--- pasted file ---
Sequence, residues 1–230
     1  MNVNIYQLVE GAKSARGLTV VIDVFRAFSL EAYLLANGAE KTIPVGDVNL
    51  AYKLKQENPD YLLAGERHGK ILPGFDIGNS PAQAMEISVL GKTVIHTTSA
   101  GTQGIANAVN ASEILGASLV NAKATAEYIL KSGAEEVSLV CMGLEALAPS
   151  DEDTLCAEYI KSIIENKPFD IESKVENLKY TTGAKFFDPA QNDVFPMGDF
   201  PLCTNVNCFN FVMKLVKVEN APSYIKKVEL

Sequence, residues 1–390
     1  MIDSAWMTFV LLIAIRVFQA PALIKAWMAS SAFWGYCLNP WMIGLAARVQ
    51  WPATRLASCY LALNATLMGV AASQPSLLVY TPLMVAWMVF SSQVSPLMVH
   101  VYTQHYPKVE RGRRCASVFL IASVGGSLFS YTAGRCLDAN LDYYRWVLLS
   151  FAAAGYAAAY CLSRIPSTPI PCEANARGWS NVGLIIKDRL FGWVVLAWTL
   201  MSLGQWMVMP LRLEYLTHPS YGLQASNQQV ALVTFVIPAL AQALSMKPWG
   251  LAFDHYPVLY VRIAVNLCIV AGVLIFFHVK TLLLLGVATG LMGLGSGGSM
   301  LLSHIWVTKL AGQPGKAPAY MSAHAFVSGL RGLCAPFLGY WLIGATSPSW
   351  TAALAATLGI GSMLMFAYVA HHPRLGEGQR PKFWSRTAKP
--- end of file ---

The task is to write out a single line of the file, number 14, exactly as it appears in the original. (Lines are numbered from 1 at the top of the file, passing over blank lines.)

   301  LLSHIWVTKL AGQPGKAPAY MSAHAFVSGL RGLCAPFLGY WLIGATSPSW